This section is incomplete. Please feel free to edit this section to add missing information and complete it. Reason: Confirm that formulas/algorithms apply to both Gold/Silver and Crystal (and not only to one).
In Generation II, most outdoor areas contain a number of special trees () that Pokémon can use Headbutt on. These trees are distinct from other trees that either take up two vertical paces or that have rounded tops. When a Pokémon uses Headbutt on a tree, a wild Pokémon may drop out of the tree. Depending on the time of day, the Pokémon that falls out may be asleep. Some Pokémon can only be caught by this method (e.g., Pineco, Heracross).
All headbuttable trees contain wild Pokémon, but different trees have different chances of creating an encounter after Headbutt is used. The headbuttable trees in an area also generate their encounters from different sets of Pokémon depending on whether they have moderate encounter chances or low encounter chances. For example, on Route 44, trees with moderate encounter chances may only contain Spearow or Aipom, while trees with a low encounter chance may also contain Heracross.
Every headbuttable tree can be associated with an index from 0 to 9. Depending on the player's Trainer ID, half of those indices correspond to trees with moderate encounter chances, while the other half correspond to trees with a low encounter chance.
A tree's index depends on its X and Y coordinates in the map; that is, its distance from, respectively, the westmost and northmost edges.
To gain some insight into this formula, it is possible to "fix" one dimension and traverse the other, since X and Y are freely interchangeable. Substituting "Z" for one axis (the fixed axis) and "n" for the other (the axis that will be traversed), the formula becomes:
( ( Z * n + Z + n ) / 5 ) % 10
which then becomes:
( ( (Z + 1) * n + Z ) / 5 ) % 10
This result shows that, if a single row or column of trees is traversed (i.e., if n changes), moving from one tree to the next changes the index (before the modulo operation) by (Z + 1) / 5, where Z is the distance of that row or column from its origin edge (north or west). In short, the closer a row or column is to the edge (the smaller Z is), the slower the indices of those trees will change as the row or column is traversed.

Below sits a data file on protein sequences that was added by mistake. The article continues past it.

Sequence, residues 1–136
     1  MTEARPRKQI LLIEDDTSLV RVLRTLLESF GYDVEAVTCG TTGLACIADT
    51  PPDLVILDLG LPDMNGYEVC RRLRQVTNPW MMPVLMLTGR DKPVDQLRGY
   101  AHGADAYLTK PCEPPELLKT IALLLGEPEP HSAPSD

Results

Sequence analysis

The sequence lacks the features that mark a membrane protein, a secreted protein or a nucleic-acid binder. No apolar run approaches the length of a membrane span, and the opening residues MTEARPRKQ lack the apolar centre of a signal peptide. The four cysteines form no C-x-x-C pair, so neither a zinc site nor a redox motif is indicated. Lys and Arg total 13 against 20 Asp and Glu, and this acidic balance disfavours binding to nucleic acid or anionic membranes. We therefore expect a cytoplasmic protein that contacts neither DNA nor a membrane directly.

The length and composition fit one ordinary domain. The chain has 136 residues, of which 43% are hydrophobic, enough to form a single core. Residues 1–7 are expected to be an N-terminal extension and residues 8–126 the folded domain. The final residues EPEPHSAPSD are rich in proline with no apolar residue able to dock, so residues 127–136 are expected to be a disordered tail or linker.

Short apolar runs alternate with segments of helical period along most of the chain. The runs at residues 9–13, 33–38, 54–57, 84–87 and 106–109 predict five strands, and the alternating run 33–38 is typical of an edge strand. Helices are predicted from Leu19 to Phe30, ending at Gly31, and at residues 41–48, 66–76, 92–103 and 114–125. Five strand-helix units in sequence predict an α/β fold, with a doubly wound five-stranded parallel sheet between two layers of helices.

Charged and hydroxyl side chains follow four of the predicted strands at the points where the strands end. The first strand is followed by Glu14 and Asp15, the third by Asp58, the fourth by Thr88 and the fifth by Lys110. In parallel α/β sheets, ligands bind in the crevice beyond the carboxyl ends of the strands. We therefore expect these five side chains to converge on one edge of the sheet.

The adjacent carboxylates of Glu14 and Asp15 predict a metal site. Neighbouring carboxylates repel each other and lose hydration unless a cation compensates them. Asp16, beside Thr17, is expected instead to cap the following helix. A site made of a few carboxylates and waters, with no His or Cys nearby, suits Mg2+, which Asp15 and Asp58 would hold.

The encounter chances associated with a tree of a given index are determined by a "pivot" index determined by the player's Trainer ID (specifically, the rightmost digit of the player's Trainer ID).
pivot = trainer_id % 10
If a tree's index matches the pivot index, its encounter chances are 80%; the next four tree indices (effectively, ( pivot + n ) % 10, where n = 1...4) have encounter chances of 50%; and the remaining indices have encounter chances of 10%. The 80% and 50% indices make up the "moderate" encounter chances referred to above, and share a common set of Pokémon from which encounters are created, while the 10% indices draw from a different set of Pokémon for encounters.
In Pokémon HeartGold and SoulSilver, Pokémon are not grouped by terrain, but now appear in specific locations. Unlike Generation II, not all trees will guarantee an encounter with a wild Pokémon. However, if a tree does cause a wild Pokémon to appear, there is a high chance of encountering a Pokémon again next time. Likewise, if no Pokémon appears when a tree is Headbutted, no Pokémon will ever appear for that tree. Repel cannot prevent Pokémon from appearing when headbutting a tree.
Also, the available Pokémon differ from tree to tree, as illustrated below.
An example of the population of two trees in Pewter City
For example, a tree in Pewter City may house Hoothoot, Pineco and Wurmple, while another in the same locality may house only Hoothoot and Wurmple. The level ranges may also differ for the same Pokémon. As such, not all Pokémon may be found in one tree within a specific location; the (Pewter City) table only reflects the lowest and highest possible level of all Pokémon found in the entire location.
This also explains why some Pokémon can only be found in a specific tree within that location (e.g. Starly in Pewter City or Taillow in Cherrygrove City). These trees are usually hidden, or only accessible via an HM move like Surf or Rock Climb.